The Ford Fusion is one of Ford’s most well-known vehicles, offering comfort and economy at an affordable price. It is also proving to be one of Ford’s most versatile cars. However, as one of the most affordable of Ford’s lineup during its run, does the Fusion come with a lot of issues? Here are four of the most common problems associated with the Ford Fusion.
1. The Ford Fusion’s transmission shifting problems
There are a few thousand owner-issued complaints about the Ford Fusion on RepairPal, and over 1,100 of them fall into the “harsh or delayed shifting of automatic transmission” category. According to the findings, 1,151 owners have reported that their Ford Fusion’s automatic transmission developed “shifting concerns.” These reports include Fusion models from 13 model years, with an average mileage-at-incident of around 80,000 miles.
Owners report their automatic transmissions shifting hard, harsh, and with delay. Some also report that the transmission “started revving really high” and wouldn’t “shift to a higher gear.” The cause and cost of these transmission problems vary, with maintenance repairs ranging from software upgrades to the powertrain control module and transmission control module, to replacing the valve body or a complete transmission rebuild.
2. Squeaks, creaks, leaks, and other awful noises of the Fusion
Many owners feel that the Ford Fusion was a bargain for a reason. As mileage builds, owners tend to have more problems with squeaks, creaks, and leaks. There are 472 reports of creaking noises while driving over bumps or turning and 205 reports of transmission oil leaks on RepairPal.
According to these reports, owners start to experience squeaks and creaks around 100,000 miles for various reasons, like a problem with the lower control arms or a strut assembly that needs to be taken apart. There are 10 affected model years reported, and it can cost between $100-$250 to fix.
On the other hand, transmission leaks are reported by owners of both automatic and manual transmission Fusion models of eight different model years. At an average mileage of around 76,000 miles, owners report transmission oil leaking from the left side half-shaft area – a result of a worn axle shaft seal.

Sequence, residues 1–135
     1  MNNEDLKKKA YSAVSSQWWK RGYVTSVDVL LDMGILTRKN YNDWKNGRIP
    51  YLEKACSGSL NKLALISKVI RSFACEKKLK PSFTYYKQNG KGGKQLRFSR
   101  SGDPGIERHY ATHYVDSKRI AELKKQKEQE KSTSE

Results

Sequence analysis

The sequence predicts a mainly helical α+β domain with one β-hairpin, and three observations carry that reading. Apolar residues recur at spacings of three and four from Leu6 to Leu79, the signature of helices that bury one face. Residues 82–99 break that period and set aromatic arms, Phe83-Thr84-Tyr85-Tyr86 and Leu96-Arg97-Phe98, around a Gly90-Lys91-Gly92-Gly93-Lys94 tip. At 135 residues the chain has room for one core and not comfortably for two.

3. Issues with the Ford Fusion’s steering
Car Complaints also gathers vehicle owner-reported problems and has plenty of reports for the Ford Fusion. Out of all issues reported across all model years, the worst problem category for the Ford Fusion is steering.
Occurring at an average of around 107,000 miles, owners report power steering not working properly and the power and power-assist steering failing altogether. These problems cost an average of around $1,600 to fix and have been reported most in the 2010-2014 Fusion model years. However, for model years 2014 and above, steering issues have still caused recalls.
4. Swollen lug nuts on Ford models
Surprisingly enough, nearly 300 owners have reported problems with swollen lug nuts on RepairPal. Though not an issue that imposes severe risks to your Fusion or personal safety, swollen lug nuts can be a real pain. According to Ford Problems, the swollen lug nut issue with the Fusion is a direct result of Ford’s design process.
While most lug nuts are just one solid piece of steel, “Ford chose a design that puts an aluminum cap over a steel core. The cap is notorious for swelling and delaminating when it gets hot.” This makes getting lug nuts off the Ford Fusion quite difficult.
Is the Ford Fusion worth it?
While the Ford Fusion does seem to carry a few issues with it, these problems seem to occur more after the vehicle has hit higher mileage. The Ford Fusion still stands as an affordable and decent car that maybe you’ll want to trade in before 100,000 miles. However, if you’re searching for a Fusion in the U.S., you’ll now have to look for a used model.